Author(s): Nnoruka EN
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Abstract BACKGROUND AND OBJECTIVE: The incidence of skin diseases in south-east Nigeria during the present decade was analyzed and compared with results from other parts of Nigeria, particularly those in the same zone, obtained more than 30 years ago. This study was carried out to update the recent clinical picture of skin diseases in our environment in view of the rapid development, urbanization and advances in the region. PATIENTS AND METHODS: Consecutive new patients seen at the dermatology clinic of the University of Nigeria, Teaching Hospital, Enugu, Nigeria, from February 1999 to March 2001 were included in this prospective study. Only cases seen and examined by the author were included in this study to ensure uniformity of diagnosis. RESULTS: A total of 2871 patients were observed within the study period. Adults accounted for 69.7\% and were aged between 18 and 73 years, while the male:female ratio was 1.3:1. Allergic skin diseases (24.9\%) were the commonest skin disorders identified, as opposed to infestations which accounted for an extremely high result of 33.7\% (for the same region between 1968 and 1971). In second place was infections/infestations (19.1\%). A reversal of picture was thus observed. Within the allergic disorders; eczemas/dermatitis were found to be the most prevalent followed by follicular (13.7\%) and pigmentary disorders (11.1\%). Sexually transmitted diseases and HIV/AIDs have increased significantly and accounted for 5.4\%. Blistering diseases (1.1\%) and malignancies (0.5\%) occurred less frequently, similar to results found in recent decades for the same region. CONCLUSION: The current picture of skin diseases in south-east Nigeria has changed significantly from mere infections to allergic skin, follicular and pigmentary disorders. Cutaneous lesions secondary to STDs and HIV/AIDs have also increased. Skin lesions related to malnutrition, kwashiorkor and starvation were not observed nor were cutaneous tuberculosis, yaws or pediculosis, while blistering disorders and malignancies remained almost the same. The current picture is similar to that in other developing and Afro-Caribbean countries. Primary-care physicians and health-care providers in Nigeria/Africa need to be aware of the globally changing pattern of skin diseases in the region to enable the allocation of necessary resources (financial, material and human) to manage these skin diseases.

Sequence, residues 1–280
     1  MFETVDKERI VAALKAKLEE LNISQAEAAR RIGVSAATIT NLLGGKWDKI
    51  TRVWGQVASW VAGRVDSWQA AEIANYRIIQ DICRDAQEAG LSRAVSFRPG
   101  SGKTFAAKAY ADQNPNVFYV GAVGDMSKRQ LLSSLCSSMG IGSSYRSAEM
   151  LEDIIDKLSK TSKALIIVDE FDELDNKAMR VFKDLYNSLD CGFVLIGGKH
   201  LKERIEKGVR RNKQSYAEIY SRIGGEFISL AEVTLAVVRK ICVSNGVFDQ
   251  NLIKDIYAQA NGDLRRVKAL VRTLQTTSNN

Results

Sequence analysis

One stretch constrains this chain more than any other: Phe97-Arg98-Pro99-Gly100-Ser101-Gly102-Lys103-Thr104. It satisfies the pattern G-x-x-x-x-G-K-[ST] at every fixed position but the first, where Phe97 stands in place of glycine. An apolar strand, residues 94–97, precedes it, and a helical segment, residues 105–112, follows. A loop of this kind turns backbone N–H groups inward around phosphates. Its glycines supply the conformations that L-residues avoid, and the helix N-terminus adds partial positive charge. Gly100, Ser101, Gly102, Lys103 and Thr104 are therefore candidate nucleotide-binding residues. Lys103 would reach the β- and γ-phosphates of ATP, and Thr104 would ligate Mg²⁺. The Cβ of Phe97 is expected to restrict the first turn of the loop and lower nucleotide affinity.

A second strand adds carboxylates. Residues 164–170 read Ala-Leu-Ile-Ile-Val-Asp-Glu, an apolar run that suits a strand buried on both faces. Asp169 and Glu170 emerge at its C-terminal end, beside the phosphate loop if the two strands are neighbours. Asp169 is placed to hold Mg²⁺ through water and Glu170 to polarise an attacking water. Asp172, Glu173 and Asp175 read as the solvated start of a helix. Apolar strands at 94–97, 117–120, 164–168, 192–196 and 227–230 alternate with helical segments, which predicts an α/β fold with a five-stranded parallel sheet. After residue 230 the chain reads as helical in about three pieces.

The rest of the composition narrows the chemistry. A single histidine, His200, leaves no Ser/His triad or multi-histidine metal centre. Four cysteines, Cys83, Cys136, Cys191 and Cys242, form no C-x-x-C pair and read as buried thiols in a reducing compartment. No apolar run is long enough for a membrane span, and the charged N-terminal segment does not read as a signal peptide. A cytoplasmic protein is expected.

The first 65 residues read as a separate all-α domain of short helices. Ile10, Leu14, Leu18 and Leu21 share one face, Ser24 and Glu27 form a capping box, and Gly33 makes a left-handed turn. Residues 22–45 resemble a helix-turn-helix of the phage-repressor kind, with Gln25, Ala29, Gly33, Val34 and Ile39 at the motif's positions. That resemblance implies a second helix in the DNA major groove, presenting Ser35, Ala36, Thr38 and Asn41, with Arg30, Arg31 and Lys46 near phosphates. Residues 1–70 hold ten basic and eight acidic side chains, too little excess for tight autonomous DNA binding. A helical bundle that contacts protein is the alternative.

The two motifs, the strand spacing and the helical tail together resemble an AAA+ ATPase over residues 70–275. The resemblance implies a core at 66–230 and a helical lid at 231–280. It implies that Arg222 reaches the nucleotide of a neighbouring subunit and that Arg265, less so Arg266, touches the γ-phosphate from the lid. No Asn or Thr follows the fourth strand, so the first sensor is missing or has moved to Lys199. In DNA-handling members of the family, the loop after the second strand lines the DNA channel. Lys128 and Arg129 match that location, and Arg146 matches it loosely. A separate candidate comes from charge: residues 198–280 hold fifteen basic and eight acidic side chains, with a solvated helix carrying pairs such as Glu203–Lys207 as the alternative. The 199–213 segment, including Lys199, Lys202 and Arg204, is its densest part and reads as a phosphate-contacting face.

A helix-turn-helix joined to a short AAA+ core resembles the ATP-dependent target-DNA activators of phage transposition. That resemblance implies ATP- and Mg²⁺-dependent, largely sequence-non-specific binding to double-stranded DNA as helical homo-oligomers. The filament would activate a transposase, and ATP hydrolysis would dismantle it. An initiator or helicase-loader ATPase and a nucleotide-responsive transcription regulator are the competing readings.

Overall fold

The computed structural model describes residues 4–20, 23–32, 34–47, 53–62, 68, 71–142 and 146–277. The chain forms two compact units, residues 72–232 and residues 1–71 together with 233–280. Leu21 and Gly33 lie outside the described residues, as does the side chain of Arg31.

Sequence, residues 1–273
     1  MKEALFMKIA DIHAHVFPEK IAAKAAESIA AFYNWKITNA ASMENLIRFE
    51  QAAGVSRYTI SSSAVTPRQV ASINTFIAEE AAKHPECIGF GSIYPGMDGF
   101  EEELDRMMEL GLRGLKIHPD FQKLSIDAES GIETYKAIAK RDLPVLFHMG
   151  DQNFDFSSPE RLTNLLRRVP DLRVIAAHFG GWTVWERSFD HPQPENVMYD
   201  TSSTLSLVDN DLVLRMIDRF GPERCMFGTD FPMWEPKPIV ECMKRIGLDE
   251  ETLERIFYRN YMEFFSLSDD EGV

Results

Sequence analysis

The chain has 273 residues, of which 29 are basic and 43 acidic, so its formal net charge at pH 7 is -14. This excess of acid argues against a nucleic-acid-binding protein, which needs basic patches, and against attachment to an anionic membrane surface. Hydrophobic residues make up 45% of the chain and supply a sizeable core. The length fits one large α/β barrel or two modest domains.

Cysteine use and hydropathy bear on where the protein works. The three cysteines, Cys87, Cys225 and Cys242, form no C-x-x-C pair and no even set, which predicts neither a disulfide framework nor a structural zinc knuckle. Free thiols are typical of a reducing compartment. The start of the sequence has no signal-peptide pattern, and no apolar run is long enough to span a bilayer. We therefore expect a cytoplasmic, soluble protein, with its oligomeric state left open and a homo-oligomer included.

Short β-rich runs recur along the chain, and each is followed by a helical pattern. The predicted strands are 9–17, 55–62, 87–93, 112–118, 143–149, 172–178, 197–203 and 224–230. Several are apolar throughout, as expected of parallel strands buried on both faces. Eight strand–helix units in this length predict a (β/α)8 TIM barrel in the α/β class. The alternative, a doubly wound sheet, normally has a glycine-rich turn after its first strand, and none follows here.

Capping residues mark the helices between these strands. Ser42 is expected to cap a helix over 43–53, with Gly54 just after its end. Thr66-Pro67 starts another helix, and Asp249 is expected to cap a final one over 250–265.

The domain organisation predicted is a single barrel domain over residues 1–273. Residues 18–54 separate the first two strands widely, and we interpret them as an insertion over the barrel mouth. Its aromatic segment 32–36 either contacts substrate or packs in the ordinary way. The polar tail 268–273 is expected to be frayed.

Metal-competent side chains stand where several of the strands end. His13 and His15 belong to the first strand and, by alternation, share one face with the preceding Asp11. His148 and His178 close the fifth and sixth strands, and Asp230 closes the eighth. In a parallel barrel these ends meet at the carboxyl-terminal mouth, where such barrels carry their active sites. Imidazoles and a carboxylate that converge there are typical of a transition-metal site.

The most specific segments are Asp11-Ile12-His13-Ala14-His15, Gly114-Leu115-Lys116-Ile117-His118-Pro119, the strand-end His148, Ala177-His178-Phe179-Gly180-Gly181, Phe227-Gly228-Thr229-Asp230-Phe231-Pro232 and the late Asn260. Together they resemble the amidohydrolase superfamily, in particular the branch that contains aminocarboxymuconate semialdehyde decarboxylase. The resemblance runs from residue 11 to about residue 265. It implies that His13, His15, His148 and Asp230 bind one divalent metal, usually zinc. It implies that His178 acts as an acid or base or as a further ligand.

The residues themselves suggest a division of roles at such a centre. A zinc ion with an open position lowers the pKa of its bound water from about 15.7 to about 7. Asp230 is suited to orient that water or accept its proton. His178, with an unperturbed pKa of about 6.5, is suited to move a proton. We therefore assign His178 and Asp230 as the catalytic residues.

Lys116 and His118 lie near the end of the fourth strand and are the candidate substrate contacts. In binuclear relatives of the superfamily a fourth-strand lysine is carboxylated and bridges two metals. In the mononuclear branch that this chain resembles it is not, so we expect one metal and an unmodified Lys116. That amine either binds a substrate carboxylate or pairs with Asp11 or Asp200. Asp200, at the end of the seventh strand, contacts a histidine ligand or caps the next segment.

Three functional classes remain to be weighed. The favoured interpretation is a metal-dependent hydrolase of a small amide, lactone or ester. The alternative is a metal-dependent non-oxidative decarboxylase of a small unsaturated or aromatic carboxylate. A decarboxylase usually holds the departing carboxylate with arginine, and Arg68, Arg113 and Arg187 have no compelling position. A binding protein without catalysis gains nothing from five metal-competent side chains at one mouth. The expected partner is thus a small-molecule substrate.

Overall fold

This article was published in Int J Dermatol
and referenced in Journal of Medical Microbiology & Diagnosis